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Tuesday, March 28, 2000

By Ken Ige, Star-Bulletin
Dr. James Barahal examines visitor Ed Gage of
Greeley, Colo., at the new clinic in the Sheraton
Princess Kaiulani Hotel.

Still making
house calls

Dr. James Barahal and his
medical team treat tourists at
six clinics or in their hotel rooms

By Helen Altonn


THE young doctor had just finished his medical residency at the University of Hawaii and decided to start doing house calls.

"I was kind of trying to find a niche and not be too traditional," said Dr. James Barahal.

Since he began traveling around the island in September 1981, charging $40 per house call, his "niche" has grown to include a string of clinics in Waikiki hotels.

They're part of Straub Doctors on Call, which Barahal, now 47, founded and merged with Straub Clinic & Hospital in 1986.

The main clinic, which previously occupied 500 square feet in the Bank of Hawaii building in Waikiki, moved in mid-January to the lobby level of the Sheraton Princess Kaiulani Hotel.

Open house was held Friday for the new 4,500-square-foot clinic, which has a cheerful decor that blends well with the rest of the hotel.

Ed Gage, 30, of Greeley, Colo., was among patients watching the ceremony and a Hawaiian blessing by the Rev. Nathan Kohashi, Straub chaplain.

"Doctors on Call is making a difference," Kohashi said, describing the staff's compassion and care. "The work you do here transcends what you see here. It makes a difference when you are ill in a strange place."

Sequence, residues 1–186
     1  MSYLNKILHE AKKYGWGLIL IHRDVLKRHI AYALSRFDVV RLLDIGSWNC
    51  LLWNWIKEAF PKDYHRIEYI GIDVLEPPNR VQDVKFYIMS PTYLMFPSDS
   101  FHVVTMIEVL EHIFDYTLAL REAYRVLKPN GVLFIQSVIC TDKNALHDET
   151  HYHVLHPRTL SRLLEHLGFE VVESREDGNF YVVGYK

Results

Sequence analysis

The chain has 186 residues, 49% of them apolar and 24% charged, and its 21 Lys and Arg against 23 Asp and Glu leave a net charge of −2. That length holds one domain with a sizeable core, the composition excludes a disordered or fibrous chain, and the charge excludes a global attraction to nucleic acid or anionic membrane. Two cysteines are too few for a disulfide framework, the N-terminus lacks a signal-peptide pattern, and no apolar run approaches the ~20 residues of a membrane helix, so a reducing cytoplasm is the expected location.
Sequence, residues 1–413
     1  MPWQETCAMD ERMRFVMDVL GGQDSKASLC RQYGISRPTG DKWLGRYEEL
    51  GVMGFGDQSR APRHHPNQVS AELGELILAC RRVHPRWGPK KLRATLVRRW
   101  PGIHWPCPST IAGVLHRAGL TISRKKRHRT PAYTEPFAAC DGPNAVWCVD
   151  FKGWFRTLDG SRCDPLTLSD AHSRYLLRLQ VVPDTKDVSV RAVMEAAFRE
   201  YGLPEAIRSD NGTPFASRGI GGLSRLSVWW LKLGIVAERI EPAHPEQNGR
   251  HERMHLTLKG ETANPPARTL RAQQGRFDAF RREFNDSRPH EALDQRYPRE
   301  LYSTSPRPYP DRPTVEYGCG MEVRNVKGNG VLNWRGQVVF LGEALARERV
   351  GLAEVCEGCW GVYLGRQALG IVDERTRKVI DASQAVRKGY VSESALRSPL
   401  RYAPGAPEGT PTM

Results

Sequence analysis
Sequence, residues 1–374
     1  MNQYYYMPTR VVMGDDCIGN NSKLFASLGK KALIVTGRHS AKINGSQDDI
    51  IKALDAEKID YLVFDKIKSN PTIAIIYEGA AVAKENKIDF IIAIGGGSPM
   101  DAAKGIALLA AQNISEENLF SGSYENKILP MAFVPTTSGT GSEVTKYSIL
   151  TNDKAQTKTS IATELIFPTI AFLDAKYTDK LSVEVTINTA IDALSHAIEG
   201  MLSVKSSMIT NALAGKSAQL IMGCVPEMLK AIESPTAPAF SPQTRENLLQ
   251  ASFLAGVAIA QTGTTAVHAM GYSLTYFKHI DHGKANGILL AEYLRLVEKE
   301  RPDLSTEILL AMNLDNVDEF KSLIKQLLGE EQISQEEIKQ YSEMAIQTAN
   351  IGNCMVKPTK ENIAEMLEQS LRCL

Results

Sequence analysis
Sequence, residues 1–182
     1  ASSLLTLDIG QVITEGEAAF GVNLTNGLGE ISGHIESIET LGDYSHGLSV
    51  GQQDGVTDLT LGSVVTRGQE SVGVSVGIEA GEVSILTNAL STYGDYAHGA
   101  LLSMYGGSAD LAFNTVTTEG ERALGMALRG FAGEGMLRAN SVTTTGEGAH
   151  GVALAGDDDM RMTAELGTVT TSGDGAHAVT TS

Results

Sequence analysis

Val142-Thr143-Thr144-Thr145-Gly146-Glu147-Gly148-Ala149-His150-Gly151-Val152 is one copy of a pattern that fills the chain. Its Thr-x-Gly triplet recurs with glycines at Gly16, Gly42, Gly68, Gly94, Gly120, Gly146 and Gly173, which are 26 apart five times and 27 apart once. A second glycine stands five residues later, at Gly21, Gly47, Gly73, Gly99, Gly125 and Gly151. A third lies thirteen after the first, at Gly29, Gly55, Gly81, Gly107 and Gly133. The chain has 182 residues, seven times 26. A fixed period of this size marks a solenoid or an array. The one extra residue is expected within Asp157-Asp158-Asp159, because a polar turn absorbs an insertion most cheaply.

Gage, who was in Hawaii on business, thought he had strep throat and was referred to the clinic by his hotel.

"This is fantastic, very inspirational," he said after the program. He said he felt "spiritually better," even before seeing a doctor.

"What have you got?" joked Barahal, dispensing humor with medicine as he examined Gage and confirmed the self-diagnosis.

Straub Doctors On Call's services are far more extensive and sophisticated than medical director Barahal could offer from his black bag in the 1980s.

Nevertheless, his practice grew from three house calls the first week to three a day.

He said he told a friend if he could do 20 house calls a week, that would be great. He actually got up to 32 in one day.

Noticing more calls from hotels, he put an office in the Hyatt Regency in the summer of 1982.

Another doctor joined him and they became "very entrepreneurial," riding mopeds around Waikiki to call on hotel patients, he said. "It was a great way to get around."

Their first receptionist in 1982 spoke Japanese, although "the market was not that big," he said. They had one Japanese patient every three days at that time, but "it was going in that direction," he said.

They saw 16,000 Japanese patients one year and are still seeing 14,000 to 15,000 yearly, he said.

As they built their on-call practice up to 32,000 to 35,000 patients a year, Barahal said it made sense to join with Straub to provide a higher level of care to those needing it.

About 65 percent of patients are visitors, the rest, residents, he said.

The trend is toward older and sicker patients, who need a higher level of diagnostic services, Barahal said. "This facility is convenient and in step with what we really need to be doing."

The main clinic is open 24 hours, seven days a week, with free van service for people too sick to walk or who need specialized services at Straub. The van goes to the other On-Call clinics at the Hilton Hawaiian Village, Royal Hawaiian Hotel, Hyatt Regency, Hawaiian Regent and Kahala Mandarin Oriental.

The six clinics are operated by 40 bilingual staff members and 20 doctors, many part-time.

The new clinic has six exam rooms and a full range of physician, laboratory, X-ray, pharmacy and occupational health services.

"Straub is good about enabling us to be a little hospital within a hospital," said Barahal.

And the doctors still make house calls, which is a good training ground, he said.

"The fact that I did probably 1,000 house calls is a good crucible," said Barahal, who for 13 years has also headed the the Honolulu Marathon Association.

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